Minutes from the September meeting of the US Federal Reserve board reveal that asset purchases will likely begin to reduce before the end of this year, with the programme concluding around the middle of 2022. While monetary support is set to be reduced within the next two months, interest rates will likely be stable until maximum employment is reached, which could be some time given the disruption to the labour market recovery caused by the spread of the Delta variant. Members continue to view elevated inflation as transitory, expecting that the upward pressure on prices will abate over 2022 as demand and supply imbalances subside. Upside risks were noted, however, with longer-lasting supply issues and inflation expectations possibly resulting in more persistent inflation.
Business confidence rises as Australia reopens
Australia's business confidence rose sharply in September, as firms looked forward to the planned easing of restrictions announced in New South Wales (NSW) and Victoria. Business conditions, a measure of current trading conditions, profitability and employment, fell as restrictions continued to supress activity, but a recovery is likely as the two largest states reopen this month. This week, fully vaccinated people will be allowed greater freedom in NSW, while Melbourne's lockdown is set to end on 26 October when vaccination targets are met.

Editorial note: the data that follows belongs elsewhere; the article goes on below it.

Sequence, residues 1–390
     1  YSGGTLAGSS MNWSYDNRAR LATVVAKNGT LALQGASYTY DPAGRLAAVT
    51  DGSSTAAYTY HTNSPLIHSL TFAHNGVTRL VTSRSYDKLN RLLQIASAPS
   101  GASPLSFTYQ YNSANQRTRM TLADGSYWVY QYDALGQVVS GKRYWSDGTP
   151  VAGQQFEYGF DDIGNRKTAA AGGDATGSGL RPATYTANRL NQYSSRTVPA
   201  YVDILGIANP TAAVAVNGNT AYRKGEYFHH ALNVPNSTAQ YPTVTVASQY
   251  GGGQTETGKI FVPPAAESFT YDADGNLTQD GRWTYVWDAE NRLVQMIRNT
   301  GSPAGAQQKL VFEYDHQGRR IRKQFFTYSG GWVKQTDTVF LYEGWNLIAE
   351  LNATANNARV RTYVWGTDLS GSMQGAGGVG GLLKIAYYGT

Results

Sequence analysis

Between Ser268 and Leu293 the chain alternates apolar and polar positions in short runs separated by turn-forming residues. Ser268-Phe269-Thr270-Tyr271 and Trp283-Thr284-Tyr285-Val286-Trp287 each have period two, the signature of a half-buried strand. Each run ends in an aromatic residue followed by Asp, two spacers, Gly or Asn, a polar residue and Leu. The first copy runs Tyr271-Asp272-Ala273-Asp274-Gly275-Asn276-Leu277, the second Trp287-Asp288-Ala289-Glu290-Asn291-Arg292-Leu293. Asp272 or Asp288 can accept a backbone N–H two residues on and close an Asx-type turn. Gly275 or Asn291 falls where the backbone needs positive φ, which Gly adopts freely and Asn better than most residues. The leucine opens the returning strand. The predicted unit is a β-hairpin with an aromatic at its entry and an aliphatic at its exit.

|Date||Key upcoming NZ data||Previous|
|18 October||BNZ Performance of Services||35.6 (index)|
|18 October||Consumers Price Index||3.3 (apc)|
Traffic and Freight Movement
Source: Waka Kotahi NZ Transport Agency
Source: Marketview data via MBIE
People Movements at Selected Locations
Jobseeker (JS) and Income Support Recipients
COVID-19 Cases Per Million People
Source: World Health Organisation/HaverCard Spending
World Commodity Prices
-  Additional high frequency indicators are available on the Stats NZ COVID-19 data portal: https://www.stats.govt.nz/experimental/covid-19-data-portal
|Real Production GDP1||qpc||-9.9||13.9||-1.0||1.4||2.8||...|
|Current account balance (annual)||%GDP||-1.5||-0.7||-0.8||-2.5||-3.3||...|
|Merchandise terms of trade||apc||6.3||-0.3||-1.6||-0.9||0.0||...|
|LCI salary & wage rates - total2||apc||2.1||1.8||1.6||1.6||2.1||...|
|QES average hourly earnings - total2||apc||3.0||4.2||4.3||4.0||4.0||...|
|Core retail sales volume||apc||-11.7||7.6||4.4||5.4||30.2||...|
|Total retail sales volume||apc||-14.2||8.1||4.7||6.6||33.3||...|
|WMM - consumer confidence3||Index||97.2||95.1||106.0||105.2||107.1||102.7|
|QSBO - general business situation1,4||net%||-61.2||-36.7||-15.0||-8.2||8.6||-8.4|